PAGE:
College Realignment: How to "Save" the Big East

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College Realignment: How to
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Hello, college football/basketball fans!

I'm not sure why I really want to save the Big East.

As a Temple fan and alum, I have every reason to dislike the Big East and love seeing them get what they have coming to them. I am enjoying every minute of teams leaving the Big East (I even begged for it to happen).

On the other hand, I do like the Big East as a basketball conference. Since I live in the Philadelphia area, I also like Villanova and have gone to several of their games including a big win over UConn and an NCAA game in Philadelphia.

The "old" Big East was great. You had Georgetown, Syracuse, Villanova, and UConn. In the 80's, St. John's, Providence, and Seton Hall all made Final Fours. The Big East Tournament in Madison Square Garden is still special.

That being said, Big East basketball was ruined by football. The Big East wanted to do what everyone else did and sponsor football. They started a football league and invited Miami to join in all sports just to get their football program. 

They had a group of football-only schools and a group of full members. Of the 10, Syracuse, Pittsburgh, Boston College, and Miami played football, the other six did not. That was fine and Miami eventually won a national championship under the Big East.

But then the Big East wanted to invite more football-only schools into the conference as full members, causing basketball to take a back seat to football.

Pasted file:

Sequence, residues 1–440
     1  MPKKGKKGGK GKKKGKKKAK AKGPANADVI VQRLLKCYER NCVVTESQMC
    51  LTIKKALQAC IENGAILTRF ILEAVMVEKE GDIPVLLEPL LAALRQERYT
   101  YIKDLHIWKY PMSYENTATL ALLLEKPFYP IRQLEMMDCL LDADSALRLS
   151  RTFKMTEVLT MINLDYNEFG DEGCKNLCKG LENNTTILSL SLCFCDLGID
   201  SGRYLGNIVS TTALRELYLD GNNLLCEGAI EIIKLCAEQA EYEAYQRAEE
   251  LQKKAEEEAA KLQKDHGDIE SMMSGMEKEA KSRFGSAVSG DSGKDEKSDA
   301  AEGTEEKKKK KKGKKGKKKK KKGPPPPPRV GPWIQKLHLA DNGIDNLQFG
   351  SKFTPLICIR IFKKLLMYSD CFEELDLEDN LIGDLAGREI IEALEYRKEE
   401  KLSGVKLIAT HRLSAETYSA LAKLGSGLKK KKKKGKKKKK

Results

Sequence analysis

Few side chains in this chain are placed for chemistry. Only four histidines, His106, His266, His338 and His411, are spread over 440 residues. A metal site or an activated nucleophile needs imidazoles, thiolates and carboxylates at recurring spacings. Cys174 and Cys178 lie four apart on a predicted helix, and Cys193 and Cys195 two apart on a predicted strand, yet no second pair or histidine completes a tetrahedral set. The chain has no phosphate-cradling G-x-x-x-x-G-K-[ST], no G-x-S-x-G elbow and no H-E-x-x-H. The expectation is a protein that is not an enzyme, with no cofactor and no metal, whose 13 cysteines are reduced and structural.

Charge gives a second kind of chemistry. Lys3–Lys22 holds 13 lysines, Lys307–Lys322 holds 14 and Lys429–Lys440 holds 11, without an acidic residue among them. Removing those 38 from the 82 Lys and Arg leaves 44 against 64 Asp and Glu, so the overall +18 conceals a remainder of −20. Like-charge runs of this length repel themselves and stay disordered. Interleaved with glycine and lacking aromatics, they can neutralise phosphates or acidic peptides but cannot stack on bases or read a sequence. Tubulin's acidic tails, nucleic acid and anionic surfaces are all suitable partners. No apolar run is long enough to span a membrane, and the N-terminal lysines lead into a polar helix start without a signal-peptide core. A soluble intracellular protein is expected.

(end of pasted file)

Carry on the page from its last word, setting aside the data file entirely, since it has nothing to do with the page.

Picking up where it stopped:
Is It Still Worth It for the Big East to Pursue Football at the Expense of Basketball?

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Obviously, you needed to let Miami join in all sports to get them to join the Big East as opposed to the SEC or ACC.

But there was no reason to invite Rutgers as a full member. They already were a football member and at the time a horrible football team. If they left, who cared? Rutgers and West Virginia were invited full members over Temple during the John Chaney era. So the Big East then got stuck with Rutgers' awful basketball program.

The precedence was set that football members had to then be full members after they invited Virginia Tech as a full member and kicked Temple out.

So when they had to replenish their football league after Miami, Virginia Tech, and Boston College left, they had to invite new schools as full members. One of these schools was South Florida, another pathetic basketball program and a school outside of the heart of the Big East. In terms of basketball, South Florida was an air ball. The other two, Louisville and Cincinnati, are outside of the heart of Big East country. They also added two non-football schools, Marquette and DePaul, who aren't even in the Eastern Time Zone.

The last straw was inviting TCU. The Big East, which already had 16 members, one in Florida, and two in the Central Time Zone, was going to 17 and would include a school west of the Mississippi River.

The Big East basketball schedule last season had teams play every team once and three teams twice. If you add TCU to that, teams would play one fewer opponent twice (unless you add a conference game).

For Pitt or Syracuse, that essentially meant possibly trading a game with UConn or Villanova or Georgetown for a game vs. TCU. Every other year then, schools like Pitt and Syracuse would have to make a long trip to Fort Worth in the middle of winter (in addition to potential trips to Marquette, DePaul, and South Florida already).